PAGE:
A week ago Andy Dalton was thinking about changing plays at the line of scrimmage. Now he's thinking about changing diapers. The Bengals, however, don't look to be changing franchise quarterbacks. Such is life in the NFL, which can change with a bounce. Or, as Dalton and the Bengals found out last Sunday against Cleveland, without a bounce.
The scribes covering the Bengals have calculated that Dalton tore throwing thumb ligaments about three yards from the Paul Brown Stadium spot he fractured the same thumb three years ago. He broke it making a tackle on Steelers defensive end Stephon Tuitt's interception. He tore the ligament Sunday chasing down an errant snap and when the ball didn't bounce up, Browns defensive end Emmanuel Ogbah went down and Dalton's thumb got tangled in the lost fumble.
"What was going through my mind, was what's the ball going to do? Is it going to bounce up? Do I need to fall on it?" Dalton recalled Friday, his first PBS appearance since surgery. "What's the best way of doing this? Then whatever happened, happened. I don't even know. It was a blur. Crazy."
Crazy? Dalton is gone, the 13th Bengal to go on injured reserve. The day after he underwent surgery, left tackle Jake Fisher became the 14th with a back problem. Even as Dalton briefed the press, tight end Tyler Eifert dragged his casted ankle through the locker room. And that's not even counting the guys on injured reserve. Dalton ended his season with not only Eifert iced, but favorite target A.J. Green has missed the last three games and returns Sunday (1 p.m.-Cincinnati's Channel 12) to play the Broncos at PBS.
You've got to hand it to Dalton. He's started 120 regular-season games out of a possible 123,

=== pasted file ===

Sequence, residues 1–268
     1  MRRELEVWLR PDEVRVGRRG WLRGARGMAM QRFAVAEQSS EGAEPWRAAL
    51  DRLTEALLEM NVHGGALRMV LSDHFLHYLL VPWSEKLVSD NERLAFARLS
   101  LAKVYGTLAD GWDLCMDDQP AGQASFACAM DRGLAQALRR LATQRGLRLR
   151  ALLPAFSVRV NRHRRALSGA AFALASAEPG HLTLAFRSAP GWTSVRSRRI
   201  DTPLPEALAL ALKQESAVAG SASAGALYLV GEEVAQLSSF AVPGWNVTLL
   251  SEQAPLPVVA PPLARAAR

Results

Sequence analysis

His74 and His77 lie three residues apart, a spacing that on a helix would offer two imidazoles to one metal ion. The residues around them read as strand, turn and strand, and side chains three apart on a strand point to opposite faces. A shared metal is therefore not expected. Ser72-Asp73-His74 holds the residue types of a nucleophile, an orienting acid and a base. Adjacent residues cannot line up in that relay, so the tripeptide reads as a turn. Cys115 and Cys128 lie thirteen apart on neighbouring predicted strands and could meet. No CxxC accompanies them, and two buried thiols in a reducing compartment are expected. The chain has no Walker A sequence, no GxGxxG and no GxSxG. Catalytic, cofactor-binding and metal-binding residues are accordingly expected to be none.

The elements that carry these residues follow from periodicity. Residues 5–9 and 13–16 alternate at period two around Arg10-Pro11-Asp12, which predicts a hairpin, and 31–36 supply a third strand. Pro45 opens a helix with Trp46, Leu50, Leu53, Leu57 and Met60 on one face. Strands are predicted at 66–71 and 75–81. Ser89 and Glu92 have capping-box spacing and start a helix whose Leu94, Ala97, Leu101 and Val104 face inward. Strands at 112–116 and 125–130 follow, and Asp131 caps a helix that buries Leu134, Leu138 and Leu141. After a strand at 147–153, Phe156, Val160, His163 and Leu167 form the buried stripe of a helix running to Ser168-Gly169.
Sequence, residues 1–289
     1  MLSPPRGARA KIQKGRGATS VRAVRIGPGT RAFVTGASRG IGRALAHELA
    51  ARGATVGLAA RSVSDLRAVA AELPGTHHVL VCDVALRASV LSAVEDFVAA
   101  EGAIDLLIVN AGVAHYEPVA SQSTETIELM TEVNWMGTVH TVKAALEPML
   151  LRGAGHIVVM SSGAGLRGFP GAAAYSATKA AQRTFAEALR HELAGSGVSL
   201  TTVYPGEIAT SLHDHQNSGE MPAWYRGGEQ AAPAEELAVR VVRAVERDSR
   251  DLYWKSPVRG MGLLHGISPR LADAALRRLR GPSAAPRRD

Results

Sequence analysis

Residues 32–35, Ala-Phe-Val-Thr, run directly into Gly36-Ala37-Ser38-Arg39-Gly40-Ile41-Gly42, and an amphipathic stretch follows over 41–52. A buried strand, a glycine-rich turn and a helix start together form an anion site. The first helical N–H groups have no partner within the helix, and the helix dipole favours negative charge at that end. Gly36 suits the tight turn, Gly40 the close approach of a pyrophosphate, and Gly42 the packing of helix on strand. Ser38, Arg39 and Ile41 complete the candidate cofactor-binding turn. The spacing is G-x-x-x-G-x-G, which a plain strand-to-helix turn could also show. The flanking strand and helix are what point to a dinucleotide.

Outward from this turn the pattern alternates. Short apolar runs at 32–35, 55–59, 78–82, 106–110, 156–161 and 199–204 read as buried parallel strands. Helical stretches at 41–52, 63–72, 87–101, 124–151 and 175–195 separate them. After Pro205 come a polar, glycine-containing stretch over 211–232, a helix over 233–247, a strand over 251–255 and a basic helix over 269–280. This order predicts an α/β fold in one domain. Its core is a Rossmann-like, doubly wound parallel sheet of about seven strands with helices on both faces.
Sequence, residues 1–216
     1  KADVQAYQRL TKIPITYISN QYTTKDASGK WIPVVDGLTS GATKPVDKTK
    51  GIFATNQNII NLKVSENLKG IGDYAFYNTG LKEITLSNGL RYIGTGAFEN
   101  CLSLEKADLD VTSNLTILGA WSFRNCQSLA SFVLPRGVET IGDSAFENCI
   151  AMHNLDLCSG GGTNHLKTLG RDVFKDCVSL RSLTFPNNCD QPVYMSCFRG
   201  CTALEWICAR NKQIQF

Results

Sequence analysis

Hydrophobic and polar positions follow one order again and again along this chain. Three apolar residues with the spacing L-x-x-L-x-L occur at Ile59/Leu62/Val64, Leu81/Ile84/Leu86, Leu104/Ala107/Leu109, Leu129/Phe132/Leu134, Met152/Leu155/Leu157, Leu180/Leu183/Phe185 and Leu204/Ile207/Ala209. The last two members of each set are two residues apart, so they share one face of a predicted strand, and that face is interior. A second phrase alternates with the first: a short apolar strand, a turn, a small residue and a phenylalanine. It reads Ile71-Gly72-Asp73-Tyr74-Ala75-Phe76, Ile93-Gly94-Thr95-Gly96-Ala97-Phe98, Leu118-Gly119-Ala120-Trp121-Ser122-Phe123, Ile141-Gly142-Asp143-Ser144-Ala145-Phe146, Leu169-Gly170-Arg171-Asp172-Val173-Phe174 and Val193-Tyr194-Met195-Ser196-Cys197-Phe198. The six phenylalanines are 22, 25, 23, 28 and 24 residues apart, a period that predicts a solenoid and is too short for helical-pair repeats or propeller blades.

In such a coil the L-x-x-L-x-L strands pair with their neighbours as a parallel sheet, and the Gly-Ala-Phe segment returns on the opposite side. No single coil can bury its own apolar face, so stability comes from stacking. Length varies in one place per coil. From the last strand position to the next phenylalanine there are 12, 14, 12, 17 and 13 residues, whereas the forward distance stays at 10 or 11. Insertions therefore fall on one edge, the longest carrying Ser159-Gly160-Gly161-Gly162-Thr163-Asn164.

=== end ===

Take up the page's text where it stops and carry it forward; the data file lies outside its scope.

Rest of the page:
"I've played football for over 20 years," he said. "I've broken my left middle finger then broke my right thumb and now ligament in my right thumb. And that's it. To play football that long and only have three fingers that have been jacked up, that's pretty good. It's weird."
Elias has 6-5 Washington in the NFL lead with 14 players on injured reserve and the 5-6 Bengals tied with the 6-5 Colts in second with 13, followed by the 3-8 Jags and 2-9 Raiders with 12 each. The Bengals would be tied with Washington, but Elias doesn't count rookie cornerback Davontae Harris, a member of injured reserve eligible to return.
"I feel like I keep saying it, but injuries unfortunately are part of the game and it's going to happen and you have to say 'next man up.' All that kind of stuff," Dalton said. "There is some reality to it. Nobody wants to make excuses. Nobody wants to come out there and say the injuries are the reason that we are where we are, but I think the team looked a little different when we were 4-1. Different guys took different time of missing games. It can be tough when you don't have the same group out there. When you look at the best teams, the teams that make a run at it, they're the healthiest teams. Unfortunately this year we weren't that."
Dalton says he'll stick around and help out back-up Jeff Driskel in his first five NFL starts. He stood on the sidelines three years ago to help AJ McCarron finish off the run to the AFC North title, but that's when he was protected with a cast. He doesn't have one of those now, so he's not sure if they want him on the sidelines.
Despite the grumblings about the Bengals moving on from Dalton with two years left on a club-friendly deal, that doesn't seem to be where management or head coach Marvin Lewis is headed. His season ended with the first 1-5 skein of his career.
"A lot of franchises would love to have Andy. If you talk with any GM or head coach, they're all trying to find Andy Dalton," Lewis said Friday. "Each and every one of them. You find out right away when you don't have a guy that's competent, that can deliver accurate throws and can handle the offense and handle the planning that goes into week to week to week. The quarterback is such a person that has to be able to handle the changes of the defensive schemes week to week and has to come in on Tuesday and have an idea about what is about to occur and be able to apply it and help the rest of his teammates bring it to life Wednesday and through the rest of the week and on Sunday. That's the quarterback's responsibility."